If you haven't been following Slate's series of long-form journalism stories, dubbed "Frescas" by our editor, David Plotz, I hate you.
The Fresca series was birthed by Plotz two years ago when he decided to turn Slate writers and editors loose for a month or longer to report big, complicated stories that exploited the Web's horsepower. The pieces were called Frescas not because the Coca-Cola Co. agreed to underwrite them or because they reeked of no-cal grapefruit-soda awfulness but because Plotz had become habituated to the beverage and had taken to issuing chiding, all-office e-mails whenever someone drank the last cold Fresca and didn't replenish the stock in the refrigerator.
Hoping to bring the imperious Plotz down a peg, Slate Senior Editor Josh Levin referred to the monthlong rotations as "Fresca Fellowships" in a reply-all e-mail. Plotz adopted the phrase, and in no time even writers outsideSlate were calling the projects Frescas without breaking into a grin. Since Plotz announced the idea, we've published nearly a dozen excellent Frescas, earning tens of millions of page views and a much-deserved plaudit from the Nieman Journalism Lab.
Like puppies in a litter, every Fresca is wonderful, and I have no favorites (none that I'll confess to, at least). William Saletan did a series on memory, John Dickerson wrote about risk, Julia Turner explored the language of signage, Chris Wilson essayed on how social networking helped capture Saddam Hussein, Dahlia Lithwick wrote a chick-lit novel in real time with the help of Slate readers, and Josh Levin speculated on how the United States might end. Other topics treated to a Fresca bath: dentistry, laboratory animals, the absence of a 9/11 follow-up attack, a husband-and-wife swap of roles. This evening, the final installment of Emily Bazelon's bullying Fresca should be up on Slate.
But where is Jack Shafer's Fresca?
I must admit that I'm a half-dozen cans short of six-pack.
When Plotz came up with the Fresca concept, the first idea I threw at him was an anthology of the best and worst of yellow journalism. Thanks to W. Joseph Campbell's books Yellow Journalism: Puncturing the Myths, Defining the Legaciesand The Year That Defined American Journalism: 1897 and the Clash of Paradigms, I became enamored of the journalism published by William Randolph Hearst, Joseph Pulitzer, and others in the 1890s. Plotz gave the OK, but after a couple of weeks of spinning through microfilm at the Library of Congress, I realized that my enthusiasm for yellow journalism would not successfully translate into a Fresca. I feared that except for a couple of pieces, such as Winifred Black's coverage of the Galveston hurricane of 1900 and a couple of other pieces, the concept contained insufficient fizz.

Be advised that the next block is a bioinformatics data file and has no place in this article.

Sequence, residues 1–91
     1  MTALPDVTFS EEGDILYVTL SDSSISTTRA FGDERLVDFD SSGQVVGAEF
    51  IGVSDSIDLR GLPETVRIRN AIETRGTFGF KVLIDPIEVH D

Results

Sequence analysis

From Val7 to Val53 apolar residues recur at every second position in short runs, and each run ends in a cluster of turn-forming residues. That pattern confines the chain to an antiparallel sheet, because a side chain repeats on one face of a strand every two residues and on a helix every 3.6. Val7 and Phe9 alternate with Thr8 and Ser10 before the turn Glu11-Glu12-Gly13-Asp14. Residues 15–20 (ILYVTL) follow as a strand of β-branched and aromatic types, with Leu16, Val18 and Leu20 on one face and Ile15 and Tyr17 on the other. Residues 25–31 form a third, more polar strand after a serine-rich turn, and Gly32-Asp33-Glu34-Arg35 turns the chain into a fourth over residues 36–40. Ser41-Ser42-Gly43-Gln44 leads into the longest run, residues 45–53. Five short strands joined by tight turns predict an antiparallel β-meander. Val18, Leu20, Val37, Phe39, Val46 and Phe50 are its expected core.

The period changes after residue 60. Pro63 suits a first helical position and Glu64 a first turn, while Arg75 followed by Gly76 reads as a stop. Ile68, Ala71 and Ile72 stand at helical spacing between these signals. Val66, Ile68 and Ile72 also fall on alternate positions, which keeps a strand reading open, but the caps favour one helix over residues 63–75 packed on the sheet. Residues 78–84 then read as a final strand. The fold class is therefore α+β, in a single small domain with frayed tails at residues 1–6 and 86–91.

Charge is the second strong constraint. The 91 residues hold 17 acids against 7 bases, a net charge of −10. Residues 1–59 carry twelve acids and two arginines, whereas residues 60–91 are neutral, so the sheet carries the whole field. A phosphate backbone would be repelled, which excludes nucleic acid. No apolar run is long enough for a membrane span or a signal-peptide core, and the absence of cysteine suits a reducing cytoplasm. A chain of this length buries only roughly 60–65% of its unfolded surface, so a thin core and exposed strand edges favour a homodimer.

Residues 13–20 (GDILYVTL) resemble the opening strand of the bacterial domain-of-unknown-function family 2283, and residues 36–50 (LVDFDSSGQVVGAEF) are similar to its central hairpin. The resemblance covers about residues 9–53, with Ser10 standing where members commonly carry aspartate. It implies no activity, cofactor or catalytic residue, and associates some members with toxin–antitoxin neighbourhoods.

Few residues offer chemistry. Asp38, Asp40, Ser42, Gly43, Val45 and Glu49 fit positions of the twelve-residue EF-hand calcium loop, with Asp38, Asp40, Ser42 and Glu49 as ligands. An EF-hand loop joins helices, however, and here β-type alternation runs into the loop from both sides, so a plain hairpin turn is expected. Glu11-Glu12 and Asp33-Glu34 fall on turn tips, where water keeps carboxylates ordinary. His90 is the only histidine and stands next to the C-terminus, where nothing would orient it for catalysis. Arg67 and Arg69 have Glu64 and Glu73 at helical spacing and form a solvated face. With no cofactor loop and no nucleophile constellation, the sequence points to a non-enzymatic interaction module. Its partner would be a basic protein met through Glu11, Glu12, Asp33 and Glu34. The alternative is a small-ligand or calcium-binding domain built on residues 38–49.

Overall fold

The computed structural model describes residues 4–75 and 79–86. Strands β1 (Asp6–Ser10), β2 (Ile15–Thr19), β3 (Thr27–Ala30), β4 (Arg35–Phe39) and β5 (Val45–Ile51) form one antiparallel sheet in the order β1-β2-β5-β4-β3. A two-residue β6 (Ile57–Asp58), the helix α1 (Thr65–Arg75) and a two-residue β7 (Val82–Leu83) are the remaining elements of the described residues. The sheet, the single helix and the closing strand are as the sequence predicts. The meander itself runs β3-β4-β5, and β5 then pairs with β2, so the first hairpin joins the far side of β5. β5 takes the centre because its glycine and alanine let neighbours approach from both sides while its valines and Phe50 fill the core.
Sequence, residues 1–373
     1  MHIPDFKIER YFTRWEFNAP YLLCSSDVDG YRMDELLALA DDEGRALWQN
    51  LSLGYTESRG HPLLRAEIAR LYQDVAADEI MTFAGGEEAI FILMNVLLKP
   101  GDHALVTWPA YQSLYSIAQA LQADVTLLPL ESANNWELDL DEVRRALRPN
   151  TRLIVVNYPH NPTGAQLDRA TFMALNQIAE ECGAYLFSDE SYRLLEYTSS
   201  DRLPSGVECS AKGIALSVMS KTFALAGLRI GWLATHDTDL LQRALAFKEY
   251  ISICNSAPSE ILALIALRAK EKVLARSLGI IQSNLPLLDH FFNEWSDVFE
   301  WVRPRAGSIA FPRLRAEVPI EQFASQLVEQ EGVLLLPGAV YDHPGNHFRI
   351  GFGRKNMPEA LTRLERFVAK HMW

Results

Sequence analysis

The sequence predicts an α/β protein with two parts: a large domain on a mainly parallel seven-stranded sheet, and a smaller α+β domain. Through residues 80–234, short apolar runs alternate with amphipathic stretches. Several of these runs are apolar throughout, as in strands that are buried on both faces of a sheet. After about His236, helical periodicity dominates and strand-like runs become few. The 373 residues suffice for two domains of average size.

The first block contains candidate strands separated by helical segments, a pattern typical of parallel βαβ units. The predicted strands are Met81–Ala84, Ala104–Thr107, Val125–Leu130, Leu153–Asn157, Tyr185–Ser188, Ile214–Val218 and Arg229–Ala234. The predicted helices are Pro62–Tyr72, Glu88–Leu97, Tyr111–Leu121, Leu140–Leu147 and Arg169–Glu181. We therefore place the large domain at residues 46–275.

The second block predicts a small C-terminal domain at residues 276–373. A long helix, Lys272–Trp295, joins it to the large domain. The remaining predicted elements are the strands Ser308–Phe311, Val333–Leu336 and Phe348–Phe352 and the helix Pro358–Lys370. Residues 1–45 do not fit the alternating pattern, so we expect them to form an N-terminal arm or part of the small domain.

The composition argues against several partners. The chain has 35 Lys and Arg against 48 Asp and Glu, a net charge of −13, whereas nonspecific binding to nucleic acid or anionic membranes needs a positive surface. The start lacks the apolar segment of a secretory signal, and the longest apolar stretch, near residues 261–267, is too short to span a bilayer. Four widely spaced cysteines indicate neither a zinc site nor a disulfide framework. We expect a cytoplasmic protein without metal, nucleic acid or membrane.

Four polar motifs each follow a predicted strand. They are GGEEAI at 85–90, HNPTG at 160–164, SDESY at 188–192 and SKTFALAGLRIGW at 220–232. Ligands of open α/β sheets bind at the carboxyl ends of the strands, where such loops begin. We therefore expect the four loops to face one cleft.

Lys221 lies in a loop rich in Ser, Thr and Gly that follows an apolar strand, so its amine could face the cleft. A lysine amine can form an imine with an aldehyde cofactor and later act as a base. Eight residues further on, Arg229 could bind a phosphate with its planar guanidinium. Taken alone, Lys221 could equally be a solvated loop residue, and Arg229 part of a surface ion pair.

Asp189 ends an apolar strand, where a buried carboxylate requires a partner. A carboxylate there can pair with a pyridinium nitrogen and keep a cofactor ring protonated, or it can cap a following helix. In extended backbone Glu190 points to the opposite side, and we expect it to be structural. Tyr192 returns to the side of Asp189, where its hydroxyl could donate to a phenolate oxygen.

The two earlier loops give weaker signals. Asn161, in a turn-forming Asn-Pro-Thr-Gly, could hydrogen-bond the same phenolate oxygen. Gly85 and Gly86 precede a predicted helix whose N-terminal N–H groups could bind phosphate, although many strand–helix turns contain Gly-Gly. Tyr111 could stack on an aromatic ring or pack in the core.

The second Fresca idea Plotz approved was something about software development. I've already forgotten why I dumped it. The third was an examination of the pariah-making machine that the sex-offender registry has become. Alas, as I plowed through the literature, I found the story had already been told and told well, and I had no interest in transcribing the correct verdicts issued by many other juries. Then I geared up to debunk the pseudoscience of the polygraph, but I bailed on that idea before presenting it to Plotz. The big, definitive book has already been written.
Again and again, I pitched great ideas—a feature on the naval air station at Diego Garcia, for example—that I abandoned after a library visit convinced me that they had already been executed (another example: Wired's ship-salvage story). I'm content to wait for inspiration to strike, but Plotz isn't, which means that in coming to wit's end in my search for an original, potent topic, I've decided to turn to you, my cantankerous readers, to help me find a Fresca-worthy subject.
What kind of idea am I looking for? I'm not desperate to write about the press, but neither would I reject a good press idea. As I review my back pages as both a writer and an editor, I find that I enjoy starting fights, debunking myths, vilifying media moguls, and, of course, thinking about drugs. There's almost no story I wouldn't do—as long as it's meaty and hasn't been pecked to death already. Sports. Business. Crime. Politics. Policy. Nature. The arts. Biography. History. Physics. Ballistics. The Islets of Langerhans. Anthropology. Quality control. Edgar G. Ulmer. The Heaphy Track. Dressmaking. Nematodes. Real estate. Egos. Ids. Derivatives. Fashion. Baseball. Philately. I am an ocean that will refuse no river. Send your ideas to email@example.com and please put the word Fresca in the subject head so I can sort the e-mails.
This isn't a contest. No prize will be given to the reader who proposes a Fresca I end up writing. All ideas will become my property upon submission. On the upside, no salesman will visit your home. But remember, the bar is high, as the previous Frescas prove. If worse comes to worst, I'll write a Fresca about how bad your ideas are.
TODAY IN SLATE
The Self-Made Man
The story of America’s most pliable, pernicious, irrepressible myth.
Rehtaeh Parsons Was the Most Famous Victim in Canada. Now, Journalists Can’t Even Say Her Name.
Mitt Romney May Be Weighing a 2016 Run. That Would Be a Big Mistake.
Amazing Photos From Hong Kong’s Umbrella Revolution
Transparent Is the Fall’s Only Great New Show
Rehtaeh Parsons Was the Most Famous Victim in Canada
Now, journalists can't even say her name.
Lena Dunham, the Book
More shtick than honesty in Not That Kind of Girl.